It’s not really a secret, but we here at Gameosity have a thing for board game organization. And ever since Rob introduced us to the Caverna insert by Broken Token, we have been taking a critical eye to the largest, messiest boxes in our collection, particularly those with expansions that normally couldn’t be stored in-box. First up, Lords of Waterdeep!
Now, Lords of Waterdeep is a really fun game. Often called an American Euro, it’s an excellent introductory worker placement experience that holds up to repeated plays (It’s one of Jess’ favorite games ever, actually). But the damn thing is gargantuan. And once you add the Scoundrels of Skullport expansion (and you should, it’s awesome), this thing will take up almost as much room on your shelf as it does on your table. Broken Token to the rescue!
Lords of Waterdeep uses 4 colors of cubes as resources, as well as coins and VP tokens. The original game insert was aesthetically pleasing and reasonably good at keeping pieces organized, but it didn’t make efficient use of the space and, of course, left no room for the expansion. The Broken Token solution fixes all of that immediately.
The design is great. Card dividers can be adjusted to your organizational preference (I grouped all my basic cards together and then expansion cards together, but you could divvy them up however they made sense to you). Same for building tiles, which were more or less just a messy stack before. Also, as you can see, there is a sized slot for the mini-boards that come with the expansion, which hold down…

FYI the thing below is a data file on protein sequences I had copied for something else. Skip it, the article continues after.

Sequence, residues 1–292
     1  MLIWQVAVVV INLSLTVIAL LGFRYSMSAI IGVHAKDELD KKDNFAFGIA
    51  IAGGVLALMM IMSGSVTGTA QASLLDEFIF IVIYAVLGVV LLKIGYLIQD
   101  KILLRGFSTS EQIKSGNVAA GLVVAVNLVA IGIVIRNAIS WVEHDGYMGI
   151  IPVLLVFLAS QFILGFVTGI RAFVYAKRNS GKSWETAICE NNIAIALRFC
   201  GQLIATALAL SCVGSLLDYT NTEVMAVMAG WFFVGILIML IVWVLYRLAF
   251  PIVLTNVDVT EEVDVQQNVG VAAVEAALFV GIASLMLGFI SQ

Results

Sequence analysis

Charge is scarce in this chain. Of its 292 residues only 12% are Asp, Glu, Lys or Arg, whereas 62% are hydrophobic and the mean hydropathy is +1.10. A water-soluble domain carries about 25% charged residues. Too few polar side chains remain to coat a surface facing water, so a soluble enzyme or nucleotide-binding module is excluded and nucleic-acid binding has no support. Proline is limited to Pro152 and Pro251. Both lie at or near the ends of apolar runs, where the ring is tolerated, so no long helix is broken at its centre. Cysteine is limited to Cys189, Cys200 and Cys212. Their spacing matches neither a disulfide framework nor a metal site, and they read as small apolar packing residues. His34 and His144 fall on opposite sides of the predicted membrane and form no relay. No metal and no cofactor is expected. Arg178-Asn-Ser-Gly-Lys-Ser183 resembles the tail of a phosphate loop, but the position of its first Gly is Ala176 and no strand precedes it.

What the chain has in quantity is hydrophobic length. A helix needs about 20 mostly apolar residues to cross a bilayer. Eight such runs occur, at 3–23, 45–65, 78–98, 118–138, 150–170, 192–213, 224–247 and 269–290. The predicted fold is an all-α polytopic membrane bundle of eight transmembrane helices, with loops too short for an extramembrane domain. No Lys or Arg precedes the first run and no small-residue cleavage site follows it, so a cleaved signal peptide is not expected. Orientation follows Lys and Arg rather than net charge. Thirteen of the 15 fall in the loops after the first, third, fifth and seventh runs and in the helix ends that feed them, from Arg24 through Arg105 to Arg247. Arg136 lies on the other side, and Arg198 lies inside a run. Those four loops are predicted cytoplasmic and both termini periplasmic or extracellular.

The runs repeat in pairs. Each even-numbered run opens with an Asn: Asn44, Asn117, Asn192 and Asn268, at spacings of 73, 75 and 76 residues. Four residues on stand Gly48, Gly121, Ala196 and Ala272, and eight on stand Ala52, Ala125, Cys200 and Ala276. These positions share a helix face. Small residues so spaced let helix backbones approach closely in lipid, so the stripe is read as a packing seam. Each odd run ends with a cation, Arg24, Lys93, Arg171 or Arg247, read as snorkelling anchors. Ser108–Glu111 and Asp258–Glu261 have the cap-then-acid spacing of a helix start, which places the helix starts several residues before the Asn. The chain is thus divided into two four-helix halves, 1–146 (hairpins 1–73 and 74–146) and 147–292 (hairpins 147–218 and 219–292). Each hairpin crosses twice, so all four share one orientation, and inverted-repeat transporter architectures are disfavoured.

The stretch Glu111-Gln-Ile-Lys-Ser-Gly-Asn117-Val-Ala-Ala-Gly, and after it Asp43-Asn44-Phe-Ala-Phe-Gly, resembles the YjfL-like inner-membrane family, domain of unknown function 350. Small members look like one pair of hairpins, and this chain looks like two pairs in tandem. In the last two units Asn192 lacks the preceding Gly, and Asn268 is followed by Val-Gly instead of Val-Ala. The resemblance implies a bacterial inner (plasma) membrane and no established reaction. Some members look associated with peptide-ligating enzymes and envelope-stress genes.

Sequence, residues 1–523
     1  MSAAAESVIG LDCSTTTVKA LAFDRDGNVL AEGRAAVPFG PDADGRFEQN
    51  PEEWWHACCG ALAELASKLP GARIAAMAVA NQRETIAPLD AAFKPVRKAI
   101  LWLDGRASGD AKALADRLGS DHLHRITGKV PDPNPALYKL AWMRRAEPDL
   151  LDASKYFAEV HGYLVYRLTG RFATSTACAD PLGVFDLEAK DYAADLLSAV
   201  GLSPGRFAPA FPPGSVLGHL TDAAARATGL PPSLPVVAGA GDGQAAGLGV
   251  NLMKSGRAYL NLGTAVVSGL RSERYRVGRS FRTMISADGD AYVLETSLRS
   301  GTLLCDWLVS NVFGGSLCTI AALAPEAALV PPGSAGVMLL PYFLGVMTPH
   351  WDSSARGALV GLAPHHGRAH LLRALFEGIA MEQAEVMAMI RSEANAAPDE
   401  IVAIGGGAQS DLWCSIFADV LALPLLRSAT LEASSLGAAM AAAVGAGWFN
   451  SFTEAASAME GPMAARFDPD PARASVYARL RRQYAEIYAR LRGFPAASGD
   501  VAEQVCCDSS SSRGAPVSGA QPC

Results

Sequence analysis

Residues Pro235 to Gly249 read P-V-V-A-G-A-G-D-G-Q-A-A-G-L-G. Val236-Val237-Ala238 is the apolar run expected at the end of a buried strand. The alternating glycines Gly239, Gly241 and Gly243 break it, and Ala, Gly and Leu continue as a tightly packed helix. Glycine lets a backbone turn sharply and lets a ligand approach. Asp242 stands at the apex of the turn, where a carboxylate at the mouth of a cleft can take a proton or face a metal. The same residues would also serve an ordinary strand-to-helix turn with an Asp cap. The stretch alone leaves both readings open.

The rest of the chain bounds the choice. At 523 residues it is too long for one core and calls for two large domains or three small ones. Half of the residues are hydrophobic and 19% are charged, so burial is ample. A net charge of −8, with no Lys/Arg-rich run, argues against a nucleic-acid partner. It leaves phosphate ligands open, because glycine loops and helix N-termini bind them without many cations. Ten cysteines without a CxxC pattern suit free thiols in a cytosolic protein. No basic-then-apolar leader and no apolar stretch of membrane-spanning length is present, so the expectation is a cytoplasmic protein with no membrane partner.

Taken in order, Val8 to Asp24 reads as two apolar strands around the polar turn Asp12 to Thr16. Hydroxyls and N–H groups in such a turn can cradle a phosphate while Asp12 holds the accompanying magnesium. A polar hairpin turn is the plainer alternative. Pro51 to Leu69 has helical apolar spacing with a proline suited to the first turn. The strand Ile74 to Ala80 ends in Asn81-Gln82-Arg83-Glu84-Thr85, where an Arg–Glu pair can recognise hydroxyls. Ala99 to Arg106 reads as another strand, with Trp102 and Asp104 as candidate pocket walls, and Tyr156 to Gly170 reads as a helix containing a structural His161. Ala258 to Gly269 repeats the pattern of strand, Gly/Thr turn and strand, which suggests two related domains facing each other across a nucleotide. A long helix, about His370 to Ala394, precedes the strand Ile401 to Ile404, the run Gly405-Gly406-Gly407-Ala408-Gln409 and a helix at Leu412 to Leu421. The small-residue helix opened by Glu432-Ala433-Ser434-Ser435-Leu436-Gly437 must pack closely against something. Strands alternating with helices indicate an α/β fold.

Resources! Held in place snugly by the boards above them, these piles of cubes and tokens are organized easily by type, and can even be brought to the table for simple in-game grabbing
One of our favorite features of this insert is how the component caddie is specifically designed to make taking bits out easy. The sloped bottom ensures that, no matter how packed with cubes the compartment becomes, you never have a situation where the bottom layer has become a solid mass, forcing you to pry them out with your fingernails. That’s an annoyance in otherwise awesome games that I am glad to be rid of here.
Each player’s components are also nicely separated, making setup and cleanup easy.
Admittedly, I haven’t tried storing this one vertically, but honestly, I don’t have any shelves which would accommodate this beast in that orientation anyway, so that doesn’t trouble me much. But if this insert behaves at all like the rest of Broken Token’s products, the shifting of components should be minimal, if any.
All around, I have to say that the Broken Token Lords of Waterdeep insert is a winner. Sure, it’s a bit of a luxury, but especially for your favorite games, you can’t go wrong with BT’s excellent construction and thoughtful design. Seriously; this one not only organized all the little bits in a game with plenty of them, but it also reclaimed a huge chunk of shelf space for us by letting me unload my expansion box.
So if you want a great storage solution for a great game, be sure to pick up this organizer from Broken Token right here:
And if worker placement is your thing, be sure to check out Lords of Waterdeep!
(Thanks to Broken Token for hooking us up with our Lords of Waterdeep organizer. Their generosity didn’t influence our opinions)